Over-the-top retro shooter Turbo Overkill's second act adopted a "more is more" approach to following up its fantastic first impression—new movement tech like a snappy grappling hook, more enemies, fresh upgrades, and new weapons filling out the number row all the way to the zero key. I initially wasn't sure how developer Trigger Happy could keep building on that in the game's third and final episode, but a two-level preview has me confident that they'll stick the landing.
In the wide world of throwback FPSes, Turbo Overkill isn't actually throwing it back too far. Though its creators have roots in the Doom modding scene, Turbo Overkill feels like a successor to Doom Eternal in a similar way to New Blood's Ultrakill. Its high-flying combat is bolstered by a bevy of movement options, with the star of the show being a tacticool FPS crouch slide you can drop into at any time with Ctrl—oh, and protagonist Johnny Turbo's chainsaw leg will launch you at Mach speed and instagib everything in front of you. It feels phenomenal, and always leaves the control key my main way of interacting with this world.
Episode 3: Part 1's preview didn't surprise me with any new mechanics like Episode 2's smorgasbord of new toys, but it's shaping up to be a nice final exam for everything we've learned—a protracted final level where every one of these mechanics is in play at all times. I found a marked, but not overwhelming increase in difficulty, and I was using every one of these weapons to its fullest. I was getting into a groove of selecting the weapons on keys seven, eight, and nine by muscle memory, I never do that in an FPS! In other games it's always more of a deliberate "oh bother, which button is the Thagomizer Multi-Plas Uber Launcher again?"
The first level of the preview, Scrapyard, is above average for the broader field of FPSes but just par for Turbo Overkill—the fights were great, and the level just twisty and surprising enough. Turbo Overkill trades in overwhelming sci-fi vistas, with most of Episode 1 having a permanent skybox that looked like Ilium from Mass Effect 2, so hanging out in a dump didn't immediately light my world on fire in the same way.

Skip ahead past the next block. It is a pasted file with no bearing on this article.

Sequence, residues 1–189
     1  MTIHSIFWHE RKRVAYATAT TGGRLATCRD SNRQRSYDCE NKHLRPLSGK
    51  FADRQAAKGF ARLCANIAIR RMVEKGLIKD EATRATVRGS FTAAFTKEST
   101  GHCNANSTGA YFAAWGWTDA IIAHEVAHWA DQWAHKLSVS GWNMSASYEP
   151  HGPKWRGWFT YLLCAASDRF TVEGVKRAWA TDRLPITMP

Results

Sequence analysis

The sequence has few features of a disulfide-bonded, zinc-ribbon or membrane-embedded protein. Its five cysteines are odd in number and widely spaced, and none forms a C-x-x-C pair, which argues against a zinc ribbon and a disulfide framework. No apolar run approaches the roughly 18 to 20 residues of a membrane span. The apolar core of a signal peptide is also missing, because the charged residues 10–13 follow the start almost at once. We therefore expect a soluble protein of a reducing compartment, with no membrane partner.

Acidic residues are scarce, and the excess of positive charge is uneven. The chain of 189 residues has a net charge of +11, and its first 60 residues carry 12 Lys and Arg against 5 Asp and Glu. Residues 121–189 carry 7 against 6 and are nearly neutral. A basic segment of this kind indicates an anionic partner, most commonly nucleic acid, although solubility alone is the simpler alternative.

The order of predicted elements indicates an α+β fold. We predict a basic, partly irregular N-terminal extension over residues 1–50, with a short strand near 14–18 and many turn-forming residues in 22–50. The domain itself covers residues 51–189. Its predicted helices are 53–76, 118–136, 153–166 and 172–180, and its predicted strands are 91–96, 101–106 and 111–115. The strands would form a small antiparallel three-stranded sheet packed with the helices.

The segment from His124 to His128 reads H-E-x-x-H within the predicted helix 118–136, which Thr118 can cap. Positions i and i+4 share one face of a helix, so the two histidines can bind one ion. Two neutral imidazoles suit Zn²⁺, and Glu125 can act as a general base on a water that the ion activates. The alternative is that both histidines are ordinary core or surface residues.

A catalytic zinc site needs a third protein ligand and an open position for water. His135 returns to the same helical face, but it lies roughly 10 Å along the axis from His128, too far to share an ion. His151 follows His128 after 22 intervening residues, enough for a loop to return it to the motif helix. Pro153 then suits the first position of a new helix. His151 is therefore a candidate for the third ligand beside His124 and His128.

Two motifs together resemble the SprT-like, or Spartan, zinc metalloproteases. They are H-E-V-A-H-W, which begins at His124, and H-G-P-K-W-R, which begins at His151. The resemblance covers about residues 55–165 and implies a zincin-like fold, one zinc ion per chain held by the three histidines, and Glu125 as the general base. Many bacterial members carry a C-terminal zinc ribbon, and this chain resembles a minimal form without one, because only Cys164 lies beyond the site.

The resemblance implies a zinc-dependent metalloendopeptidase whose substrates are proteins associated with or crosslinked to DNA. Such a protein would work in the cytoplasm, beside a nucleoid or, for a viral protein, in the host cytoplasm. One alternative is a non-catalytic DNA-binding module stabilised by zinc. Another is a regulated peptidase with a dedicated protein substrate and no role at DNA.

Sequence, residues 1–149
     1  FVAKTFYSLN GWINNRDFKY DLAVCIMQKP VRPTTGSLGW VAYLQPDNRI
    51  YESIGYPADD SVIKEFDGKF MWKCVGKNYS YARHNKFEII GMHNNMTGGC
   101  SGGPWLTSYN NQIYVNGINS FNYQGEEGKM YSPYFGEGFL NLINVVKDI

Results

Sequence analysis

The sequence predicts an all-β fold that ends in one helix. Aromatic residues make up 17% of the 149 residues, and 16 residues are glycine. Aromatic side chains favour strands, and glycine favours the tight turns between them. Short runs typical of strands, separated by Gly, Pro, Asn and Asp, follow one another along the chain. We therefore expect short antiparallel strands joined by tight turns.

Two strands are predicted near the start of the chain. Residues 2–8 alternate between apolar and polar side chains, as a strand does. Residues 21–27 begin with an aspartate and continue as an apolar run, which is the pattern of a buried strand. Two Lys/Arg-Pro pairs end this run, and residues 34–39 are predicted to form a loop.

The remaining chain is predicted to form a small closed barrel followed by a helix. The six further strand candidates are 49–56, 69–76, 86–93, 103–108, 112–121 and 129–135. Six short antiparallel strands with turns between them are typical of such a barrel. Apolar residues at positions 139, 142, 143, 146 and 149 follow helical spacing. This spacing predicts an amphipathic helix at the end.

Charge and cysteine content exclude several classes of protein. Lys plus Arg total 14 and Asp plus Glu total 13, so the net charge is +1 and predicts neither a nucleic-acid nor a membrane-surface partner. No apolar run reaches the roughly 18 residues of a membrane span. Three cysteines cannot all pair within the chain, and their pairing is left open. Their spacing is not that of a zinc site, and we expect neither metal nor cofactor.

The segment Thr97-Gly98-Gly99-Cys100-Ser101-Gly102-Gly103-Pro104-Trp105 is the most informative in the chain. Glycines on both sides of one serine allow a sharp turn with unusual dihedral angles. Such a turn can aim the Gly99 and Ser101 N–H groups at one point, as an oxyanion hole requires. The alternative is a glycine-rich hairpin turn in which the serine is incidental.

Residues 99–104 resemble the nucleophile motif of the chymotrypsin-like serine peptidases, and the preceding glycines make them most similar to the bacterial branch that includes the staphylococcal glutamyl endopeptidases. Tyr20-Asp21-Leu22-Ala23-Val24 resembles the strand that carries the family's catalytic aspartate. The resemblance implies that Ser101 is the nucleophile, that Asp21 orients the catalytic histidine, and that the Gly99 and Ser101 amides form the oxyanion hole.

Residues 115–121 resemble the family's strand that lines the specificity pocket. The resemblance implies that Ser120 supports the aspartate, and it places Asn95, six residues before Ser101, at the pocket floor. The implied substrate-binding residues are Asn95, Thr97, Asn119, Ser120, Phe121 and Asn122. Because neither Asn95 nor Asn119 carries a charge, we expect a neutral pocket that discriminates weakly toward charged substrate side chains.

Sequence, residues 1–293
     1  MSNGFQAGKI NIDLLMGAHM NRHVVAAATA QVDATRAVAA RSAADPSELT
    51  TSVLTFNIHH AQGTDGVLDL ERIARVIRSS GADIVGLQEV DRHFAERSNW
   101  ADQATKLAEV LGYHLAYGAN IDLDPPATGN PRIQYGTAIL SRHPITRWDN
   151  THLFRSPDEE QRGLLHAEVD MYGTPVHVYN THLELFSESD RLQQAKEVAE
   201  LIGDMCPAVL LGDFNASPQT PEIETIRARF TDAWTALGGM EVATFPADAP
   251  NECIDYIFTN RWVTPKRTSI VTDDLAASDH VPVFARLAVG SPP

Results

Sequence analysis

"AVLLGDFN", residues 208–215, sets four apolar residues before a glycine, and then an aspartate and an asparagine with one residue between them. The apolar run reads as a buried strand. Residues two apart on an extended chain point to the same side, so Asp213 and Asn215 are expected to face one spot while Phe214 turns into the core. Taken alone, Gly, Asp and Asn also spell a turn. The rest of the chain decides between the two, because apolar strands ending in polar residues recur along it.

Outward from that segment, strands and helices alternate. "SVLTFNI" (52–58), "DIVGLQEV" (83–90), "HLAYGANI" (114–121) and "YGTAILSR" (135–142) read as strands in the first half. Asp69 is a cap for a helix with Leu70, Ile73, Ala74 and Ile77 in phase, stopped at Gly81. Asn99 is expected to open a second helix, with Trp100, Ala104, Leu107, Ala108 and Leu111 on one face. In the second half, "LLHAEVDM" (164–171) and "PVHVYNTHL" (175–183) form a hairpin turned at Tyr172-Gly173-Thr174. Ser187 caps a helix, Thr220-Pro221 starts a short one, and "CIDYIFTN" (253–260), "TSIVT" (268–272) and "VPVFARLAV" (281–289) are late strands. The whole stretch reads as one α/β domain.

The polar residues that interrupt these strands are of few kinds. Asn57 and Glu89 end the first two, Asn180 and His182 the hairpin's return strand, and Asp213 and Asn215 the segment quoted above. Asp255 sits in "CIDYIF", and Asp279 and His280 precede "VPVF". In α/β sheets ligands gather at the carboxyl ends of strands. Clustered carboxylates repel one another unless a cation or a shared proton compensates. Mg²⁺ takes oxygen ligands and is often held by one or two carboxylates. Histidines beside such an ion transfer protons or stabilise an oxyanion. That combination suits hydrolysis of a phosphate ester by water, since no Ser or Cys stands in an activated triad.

Still, those fights won me over, with the highlights being a particularly massive arena that hosted a multipart wave battle featuring nearly every enemy type introduced in Turbo Overkill so far, as well as a smaller battle in a more constrained, complicated space. You have to duck and weave around spinning blade traps in this claustrophobic room while limited to only your two different flavors of machine gun—Episode 2 introduced "corruption zones" where your entire arsenal gets locked down save for one or two guns, and I think this is a great way to change up the pace of play. But maybe I was just grateful to not have to stretch my index finger all the way to the seven key for my plasma rifle for a few minutes.
If Scrapyard was just a pretty good level, the second I previewed, Infestation, was a real heater. The best Turbo Overkill levels run long, changing things up multiple times throughout and making you constantly question just how much more level there could be. Infestation starts with some linear shooting and platforming over a massive sci-fi battle set piece in the background before transitioning to a mini collectathon in a semi-open destroyed city.
Next, you hop into your hovercar/AI butler for one of Turbo Overkill's Descent-style six degrees of freedom sections, descending into the bowels of the city to destroy the Shoggoth-style critter infesting it. The level concludes with a final on-foot section deep underground, complete with a tricky, delightful bastard of a wave battle on the ledges surrounding a bottomless pit. I found it fun and surprising, and I loved how it just kept going. I figured finding all the glowing purple eyeballs in the destroyed, Doom 2 Hell on Earth hell city had me close to the end, but nope, just the halfway point: time for a womb level in the guts of a great leviathan.
Infestation rocks, and this vision of Episode 3-as-final exam—throwing everything at me in a single 30 minute level—represents everything I've come to love about Turbo Overkill. Episode 3 has the makings of a killer conclusion for this standout FPS, and you can play its first half right now: Apogee and Trigger Happy have shadow dropped Episode 3: Part 1, and you can grab Turbo Overkill in early access for $20 on Steam and GOG.